Furthermore, learning a new language can also improve cognitive skills and brain function. Studies have shown that bilingual individuals have better problem-solving skills, multitasking abilities, and memory retention compared to monolinguals. This is because learning a new language requires complex cognitive processes that can strengthen neural pathways in the brain. In essence, language learning is like a mental workout that can keep your brain sharp and agile.

In addition to cognitive benefits, language learning can also enhance cultural understanding and empathy. By delving into a new language, you gain insight into the values, traditions, and cultural nuances of a different society. This deeper understanding can help bridge cultural gaps and promote tolerance and respect for diversity. Language learning is not just about memorizing vocabulary and grammar rules – it is about immersing yourself in a new culture and gaining a broader perspective of the world.

Moreover, learning a new language can also boost career prospects and economic opportunities. In today’s competitive job market, having proficiency in multiple languages can set you apart from other candidates and increase your marketability to employers. Many companies value employees who can communicate with international clients and navigate global markets. By investing time in language learning, you can expand your career options and potentially earn a higher salary.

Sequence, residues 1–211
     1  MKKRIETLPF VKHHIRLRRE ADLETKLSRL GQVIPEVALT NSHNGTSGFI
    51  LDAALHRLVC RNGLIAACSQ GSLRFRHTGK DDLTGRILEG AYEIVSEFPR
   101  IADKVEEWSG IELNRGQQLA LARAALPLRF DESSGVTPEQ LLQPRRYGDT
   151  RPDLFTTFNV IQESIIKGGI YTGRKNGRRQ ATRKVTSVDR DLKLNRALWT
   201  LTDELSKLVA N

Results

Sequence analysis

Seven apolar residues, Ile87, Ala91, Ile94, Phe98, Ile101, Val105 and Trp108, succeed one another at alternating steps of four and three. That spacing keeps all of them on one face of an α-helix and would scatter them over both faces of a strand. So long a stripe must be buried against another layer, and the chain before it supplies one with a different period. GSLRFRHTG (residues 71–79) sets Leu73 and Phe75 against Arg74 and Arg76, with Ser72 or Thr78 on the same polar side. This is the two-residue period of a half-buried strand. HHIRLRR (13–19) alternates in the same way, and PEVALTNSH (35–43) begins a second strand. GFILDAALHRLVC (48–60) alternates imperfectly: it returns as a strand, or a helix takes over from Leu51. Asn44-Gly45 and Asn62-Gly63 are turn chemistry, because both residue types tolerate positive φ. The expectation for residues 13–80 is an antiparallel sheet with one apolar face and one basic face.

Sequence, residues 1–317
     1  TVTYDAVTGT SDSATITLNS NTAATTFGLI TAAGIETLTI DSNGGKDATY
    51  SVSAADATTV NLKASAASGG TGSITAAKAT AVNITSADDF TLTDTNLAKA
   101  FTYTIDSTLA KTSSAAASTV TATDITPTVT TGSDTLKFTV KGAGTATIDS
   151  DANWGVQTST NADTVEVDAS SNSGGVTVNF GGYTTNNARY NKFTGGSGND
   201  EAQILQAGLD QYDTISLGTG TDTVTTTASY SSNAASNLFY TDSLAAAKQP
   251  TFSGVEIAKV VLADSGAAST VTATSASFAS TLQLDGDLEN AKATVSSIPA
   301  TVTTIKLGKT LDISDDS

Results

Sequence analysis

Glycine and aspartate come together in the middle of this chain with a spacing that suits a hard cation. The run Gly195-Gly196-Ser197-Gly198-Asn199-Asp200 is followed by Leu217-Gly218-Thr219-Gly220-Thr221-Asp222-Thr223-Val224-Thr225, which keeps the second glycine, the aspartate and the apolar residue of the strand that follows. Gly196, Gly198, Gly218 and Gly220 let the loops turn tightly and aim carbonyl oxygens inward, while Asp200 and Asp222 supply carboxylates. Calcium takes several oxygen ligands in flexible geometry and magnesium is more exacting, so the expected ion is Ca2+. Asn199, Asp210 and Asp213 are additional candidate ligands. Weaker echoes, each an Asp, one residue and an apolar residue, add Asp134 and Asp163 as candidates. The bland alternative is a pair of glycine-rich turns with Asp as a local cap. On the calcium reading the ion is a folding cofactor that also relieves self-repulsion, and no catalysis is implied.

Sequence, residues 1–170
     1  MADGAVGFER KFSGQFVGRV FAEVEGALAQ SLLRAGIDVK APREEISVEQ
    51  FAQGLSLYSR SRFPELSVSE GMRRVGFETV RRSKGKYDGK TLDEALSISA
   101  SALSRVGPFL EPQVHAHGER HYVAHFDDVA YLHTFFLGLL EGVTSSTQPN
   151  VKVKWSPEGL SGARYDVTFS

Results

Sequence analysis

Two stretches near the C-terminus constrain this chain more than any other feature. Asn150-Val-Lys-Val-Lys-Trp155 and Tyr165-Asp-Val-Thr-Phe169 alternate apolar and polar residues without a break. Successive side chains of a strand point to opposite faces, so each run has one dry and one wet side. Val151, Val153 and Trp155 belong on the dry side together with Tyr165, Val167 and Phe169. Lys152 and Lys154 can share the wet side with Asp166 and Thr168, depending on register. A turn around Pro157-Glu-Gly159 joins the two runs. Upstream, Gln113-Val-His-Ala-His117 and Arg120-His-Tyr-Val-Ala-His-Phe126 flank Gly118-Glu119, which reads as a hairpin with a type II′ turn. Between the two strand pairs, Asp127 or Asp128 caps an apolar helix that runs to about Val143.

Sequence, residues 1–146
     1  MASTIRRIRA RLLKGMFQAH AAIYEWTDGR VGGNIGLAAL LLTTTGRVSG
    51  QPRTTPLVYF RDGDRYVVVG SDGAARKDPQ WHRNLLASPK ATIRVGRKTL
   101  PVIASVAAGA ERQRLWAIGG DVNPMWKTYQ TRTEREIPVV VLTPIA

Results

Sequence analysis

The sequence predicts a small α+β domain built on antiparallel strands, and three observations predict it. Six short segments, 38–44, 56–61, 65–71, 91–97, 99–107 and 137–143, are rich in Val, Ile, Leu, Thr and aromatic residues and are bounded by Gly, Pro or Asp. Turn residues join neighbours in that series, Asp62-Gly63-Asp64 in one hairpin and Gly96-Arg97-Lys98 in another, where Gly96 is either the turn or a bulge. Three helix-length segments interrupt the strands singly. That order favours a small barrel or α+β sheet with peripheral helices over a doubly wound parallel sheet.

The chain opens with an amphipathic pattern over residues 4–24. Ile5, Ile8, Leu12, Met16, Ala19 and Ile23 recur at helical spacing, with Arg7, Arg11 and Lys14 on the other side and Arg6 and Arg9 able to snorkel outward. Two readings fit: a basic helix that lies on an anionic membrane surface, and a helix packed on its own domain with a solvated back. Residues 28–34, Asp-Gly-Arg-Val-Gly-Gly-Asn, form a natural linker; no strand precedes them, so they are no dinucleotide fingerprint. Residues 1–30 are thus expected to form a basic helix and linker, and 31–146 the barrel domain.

On a more personal level, language learning can also be a fulfilling and enriching experience. Whether you’re passionate about literature, music, or film, learning a new language can grant you access to a whole new world of artistic expression. Being able to read classic novels in their original language, appreciate foreign films without subtitles, or sing along to a favorite song in a different tongue can bring a sense of accomplishment and joy.

Overall, language learning is a valuable and enriching pursuit that has numerous benefits for personal, professional, and cognitive development. In an increasingly interconnected world, the ability to speak multiple languages can be a powerful tool for creating meaningful connections and understanding diverse cultures. So, instead of relying solely on translation apps, consider the long-term benefits of investing in language learning – it might just be one of the best decisions you ever make.

Reference


  1. duolingo – https://blog.duolingo.com/global-language-report-2020/
  2. lingoda – https://blog.lingoda.com/en/five-surprising-stats-about-language-learning/
  3. custom-writing – https://custom-writing.org/blog/benefits-of-learning-a-second-language
  4. europa – https://ec.europa.eu/eurostat/statistics-explained/index.php?title=Foreign_language_learning_statistics&oldid=542152
  5. ed – https://nces.ed.gov/programs/coe/indicator/cgf/english-learners
  6. takelessons – https://takelessons.com/blog/language-facts-z14
  7. amacad – https://www.amacad.org/news/foreign-language-classes-becoming-more-scarce
  8. businessofapps – https://www.businessofapps.com/data/language-learning-app-market/
  9. nih – https://www.ncbi.nlm.nih.gov/pmc/articles/PMC4567506/
  10. pewresearch – https://www.pewresearch.org/fact-tank/2018/08/06/most-european-students-are-learning-a-foreign-language-in-school-while-americans-lag/
  11. weforum – https://www.weforum.org/agenda/2019/03/these-are-the-benefits-of-learning-a-second-language/
  12. ed – https://www2.ed.gov/datastory/el-characteristics/index.html